The need for speedy orthodontic treatment: Low level laser light therapy makes teeth move faster: Or does it?
The need for speed: Low level light therapy makes teeth move faster: Or does it?
It’s great to see that several studies are now being published on the new methods of making teeth move faster. The Angle Orthodontist recently published this new study. It is about the effects of low level laser light therapy on the speed of tooth movement.
Low-level laser therapy effectiveness in accelerating orthodontic tooth movement:
A randomized controlled clinical trial
Mohammad Moaffak et al
Angle orthodontist: Published on line. DOI: 10.2319/062716-503.1
The authors stated that their study was the first published randomised trial that evaluated the effects of laser light therapy on tooth movement. Importantly, other studies have either not been trials or they have been small-scale pilot studies.
What did they do?
They carried out a two arm parallel group randomised controlled trial. Their PICO was
Participants: Orthodontic patients aged between 16 – 24 years old with a Little’s irregularity index of 7 mm or more in the maxilla. The treatment required the extraction of two premolars.
Intervention: Laser light therapy throughout levelling and alignment
Comparison: Untreated control
Outcome: Time to complete levelling alignment. With a secondary outcome of the percentage of levelling and alignment.
This was a small scale study in which they randomised 26 participants to the two interventions. They selected the allocation by taking a folded piece of paper from a box. The author generated the sequence, enrolment and assignment.
They carried out a sample size calculation based on a 40% reduction in levelling and alignment. This was roughly a difference of 97 days.
The lead author applied the laser light therapy immediately after inserting the first wire. They repeated this on days 3, 7 and 14 and continued every 15 days starting from the second month.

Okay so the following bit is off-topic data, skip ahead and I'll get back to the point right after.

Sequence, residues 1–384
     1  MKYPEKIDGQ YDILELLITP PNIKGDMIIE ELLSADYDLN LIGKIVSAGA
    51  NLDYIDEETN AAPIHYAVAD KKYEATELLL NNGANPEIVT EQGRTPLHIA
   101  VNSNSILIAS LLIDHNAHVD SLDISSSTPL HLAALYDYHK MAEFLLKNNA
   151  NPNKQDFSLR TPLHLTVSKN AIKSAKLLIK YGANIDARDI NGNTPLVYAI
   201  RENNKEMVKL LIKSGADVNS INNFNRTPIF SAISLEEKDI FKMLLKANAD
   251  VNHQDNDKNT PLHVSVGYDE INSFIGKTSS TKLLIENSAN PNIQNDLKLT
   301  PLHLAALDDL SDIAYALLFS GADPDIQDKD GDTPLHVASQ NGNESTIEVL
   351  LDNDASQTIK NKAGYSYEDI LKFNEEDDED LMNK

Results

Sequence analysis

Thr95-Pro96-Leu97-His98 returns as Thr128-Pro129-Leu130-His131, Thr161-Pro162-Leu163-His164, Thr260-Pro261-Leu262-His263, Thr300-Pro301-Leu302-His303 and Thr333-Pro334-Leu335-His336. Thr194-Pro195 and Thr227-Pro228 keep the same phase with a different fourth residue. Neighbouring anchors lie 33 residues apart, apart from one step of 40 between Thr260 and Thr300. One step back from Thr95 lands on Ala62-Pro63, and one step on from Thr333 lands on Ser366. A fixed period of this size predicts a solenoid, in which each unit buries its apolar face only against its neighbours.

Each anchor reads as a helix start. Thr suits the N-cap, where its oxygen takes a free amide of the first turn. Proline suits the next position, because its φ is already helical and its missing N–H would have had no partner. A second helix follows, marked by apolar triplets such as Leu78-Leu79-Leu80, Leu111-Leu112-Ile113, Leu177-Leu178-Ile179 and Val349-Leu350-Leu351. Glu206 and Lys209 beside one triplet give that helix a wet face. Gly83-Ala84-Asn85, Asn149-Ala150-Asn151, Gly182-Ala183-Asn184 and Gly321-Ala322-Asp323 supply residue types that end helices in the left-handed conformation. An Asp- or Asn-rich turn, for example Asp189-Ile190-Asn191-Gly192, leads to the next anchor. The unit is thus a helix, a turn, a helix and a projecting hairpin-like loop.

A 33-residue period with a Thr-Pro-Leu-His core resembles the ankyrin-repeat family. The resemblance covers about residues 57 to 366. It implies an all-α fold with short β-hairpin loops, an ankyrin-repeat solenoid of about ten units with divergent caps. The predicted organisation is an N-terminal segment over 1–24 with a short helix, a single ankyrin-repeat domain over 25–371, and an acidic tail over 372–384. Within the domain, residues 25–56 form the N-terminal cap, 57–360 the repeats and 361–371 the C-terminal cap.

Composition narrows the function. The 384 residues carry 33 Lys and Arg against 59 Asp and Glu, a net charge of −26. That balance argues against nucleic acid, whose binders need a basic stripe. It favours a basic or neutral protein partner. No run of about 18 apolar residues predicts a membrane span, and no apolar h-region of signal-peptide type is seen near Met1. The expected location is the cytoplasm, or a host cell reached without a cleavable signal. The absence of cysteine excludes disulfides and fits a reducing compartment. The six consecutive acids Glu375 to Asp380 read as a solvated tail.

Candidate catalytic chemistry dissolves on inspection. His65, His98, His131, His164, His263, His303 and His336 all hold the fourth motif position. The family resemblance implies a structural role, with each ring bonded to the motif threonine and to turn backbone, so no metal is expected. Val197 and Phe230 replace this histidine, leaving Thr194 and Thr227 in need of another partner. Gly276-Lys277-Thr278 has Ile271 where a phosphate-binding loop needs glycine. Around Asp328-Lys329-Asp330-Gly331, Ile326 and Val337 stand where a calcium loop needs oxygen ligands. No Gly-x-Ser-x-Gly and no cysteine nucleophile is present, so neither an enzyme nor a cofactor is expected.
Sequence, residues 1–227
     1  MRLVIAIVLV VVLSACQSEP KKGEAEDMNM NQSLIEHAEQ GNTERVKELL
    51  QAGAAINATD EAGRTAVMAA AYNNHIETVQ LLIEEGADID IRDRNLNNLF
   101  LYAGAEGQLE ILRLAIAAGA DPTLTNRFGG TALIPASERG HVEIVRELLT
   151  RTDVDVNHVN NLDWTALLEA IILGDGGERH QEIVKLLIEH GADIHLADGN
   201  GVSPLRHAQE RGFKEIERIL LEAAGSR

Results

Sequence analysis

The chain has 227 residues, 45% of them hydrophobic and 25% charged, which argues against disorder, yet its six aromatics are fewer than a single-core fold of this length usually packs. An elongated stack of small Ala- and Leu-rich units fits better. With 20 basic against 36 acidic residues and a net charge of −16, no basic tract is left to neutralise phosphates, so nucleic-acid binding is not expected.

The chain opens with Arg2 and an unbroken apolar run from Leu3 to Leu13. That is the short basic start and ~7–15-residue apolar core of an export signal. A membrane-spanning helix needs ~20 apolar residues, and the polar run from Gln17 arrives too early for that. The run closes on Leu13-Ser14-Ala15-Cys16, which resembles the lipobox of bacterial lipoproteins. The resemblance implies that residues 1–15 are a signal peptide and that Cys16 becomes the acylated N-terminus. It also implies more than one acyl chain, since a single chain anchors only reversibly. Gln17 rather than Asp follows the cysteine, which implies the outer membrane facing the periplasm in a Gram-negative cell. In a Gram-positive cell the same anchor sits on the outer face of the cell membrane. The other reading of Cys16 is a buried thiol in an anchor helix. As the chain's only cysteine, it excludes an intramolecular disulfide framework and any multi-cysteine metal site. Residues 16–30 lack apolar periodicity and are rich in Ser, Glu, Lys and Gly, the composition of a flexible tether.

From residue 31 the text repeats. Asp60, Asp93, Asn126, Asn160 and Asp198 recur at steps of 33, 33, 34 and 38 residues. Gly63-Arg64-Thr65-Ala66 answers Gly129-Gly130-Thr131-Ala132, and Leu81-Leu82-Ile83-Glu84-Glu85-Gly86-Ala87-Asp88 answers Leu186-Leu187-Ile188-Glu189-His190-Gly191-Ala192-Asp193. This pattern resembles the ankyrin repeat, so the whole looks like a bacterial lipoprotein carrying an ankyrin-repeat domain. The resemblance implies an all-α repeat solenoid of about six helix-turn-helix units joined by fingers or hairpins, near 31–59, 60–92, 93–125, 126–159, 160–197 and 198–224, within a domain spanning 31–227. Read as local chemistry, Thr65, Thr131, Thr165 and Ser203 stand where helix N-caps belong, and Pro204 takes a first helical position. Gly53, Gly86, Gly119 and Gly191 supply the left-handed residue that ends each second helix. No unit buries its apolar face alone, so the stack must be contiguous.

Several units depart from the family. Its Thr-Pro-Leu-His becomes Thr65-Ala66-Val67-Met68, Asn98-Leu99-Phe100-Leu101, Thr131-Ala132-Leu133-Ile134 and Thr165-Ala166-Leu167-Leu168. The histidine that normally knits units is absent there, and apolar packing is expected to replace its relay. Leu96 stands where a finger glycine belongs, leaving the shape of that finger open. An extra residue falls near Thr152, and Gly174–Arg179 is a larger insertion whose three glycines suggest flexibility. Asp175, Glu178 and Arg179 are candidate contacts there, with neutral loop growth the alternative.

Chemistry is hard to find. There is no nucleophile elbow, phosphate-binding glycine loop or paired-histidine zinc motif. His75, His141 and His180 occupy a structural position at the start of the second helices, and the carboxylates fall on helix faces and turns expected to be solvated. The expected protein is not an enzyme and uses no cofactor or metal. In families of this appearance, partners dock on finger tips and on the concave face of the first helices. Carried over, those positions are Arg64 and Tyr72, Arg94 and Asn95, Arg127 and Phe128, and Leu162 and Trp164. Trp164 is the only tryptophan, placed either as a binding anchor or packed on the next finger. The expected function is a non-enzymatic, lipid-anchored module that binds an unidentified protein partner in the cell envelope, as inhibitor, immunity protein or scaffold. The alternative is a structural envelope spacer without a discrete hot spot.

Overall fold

The endpoint of the light therapy was when the Little’s Irregularity Index was less than 1 mm. It was not clear who made this assessment and whether this was done directly in the mouth or on study casts.
They collected the data by taking an alginate impression at the following time points;
T0: Before arch wire insertion
T1: After one month
T2:After two months
T3: At the end of levelling alignment
They cast the alginates and made measurements with a digital caliper.
They carried out a simple data analysis by using a ’t’ test.
What did they find?
They found that the use of low level laser therapy reduced the time taken for orthodontic levelling and alignment. In effect, light therapy reduced the treatment time by 28 days. They calculated that this was a 20% reduction in the time of this phase of treatment. They presented this data in a table that did not contain Confidence Intervals. I have inserted them into the table below.
|Anterior Arch perimeter (mm)||Little's Irregularity Index (mm)|
|Baseline||After 10 weeks||Baseline||After 10 weeks|
|Differences||0.6 (-1.6, +1.8)||-0.1 (-1.5, +1.1)||-0.5 (-2.2, +2.8)||0.2 (-0.6, +0.6)|
They concluded from the results of their study, that low level laser therapy is an effective method for accelerating tooth movement.
What did I think?
I think it is important that high quality studies should measure the effectiveness of new treatments. This is because these methods tend to involve additional cost. For example, there is additional surgery time and direct cost for the patient. In this respect, I would hope that submissions of papers are subject to high levels of scrutiny by the academic journals.
I was, therefore, rather disappointed to find several important issues with this paper. These weaken the strength of their conclusions and I am surprised that the Angle Orthodontist published this paper. These are:
- The mean age of the participants in the laser group was 18.53 (SD = 2.9) years. The control group were older at 21.6 (SD equals 2.6) years. I calculated this to be a statistically significant difference.
- There was also a greater Littles Irregularity Index in the control group (10.9) than the laser group (8.9) This again was statistically significant.
- As a result, the control group was older and had more crowding at the start of treatment than the laser therapy group. The groups were different,at the start of treatment. I wonder if this had influenced the results?
- They did not blind the operators in the study to the treatment allocation. Importantly, they did not make it clear if the assessment of the endpoint was done by someone who was blinded to the allocation. This means that the study may be at high risk of bias.
- The small sample size resulted in wide 95% confidence intervals. This meant that there was a high degree of uncertainty in the data.
I also think that we need to consider the burden of care to the patients in this technique. The patients had to attend the clinic several times to have the laser light therapy. We must not forget that this attracts direct costs for the treatment and indirect costs to the patients i.e. time off work or education. We need to consider whether these costs are worth the reduction in treatment time. In this respect, studies of these new interventions should include some form of cost/benefit appraisal.
As a result, unfortunately I cannot agree with the conclusions of the study. We still do not know if low level laser therapy works…..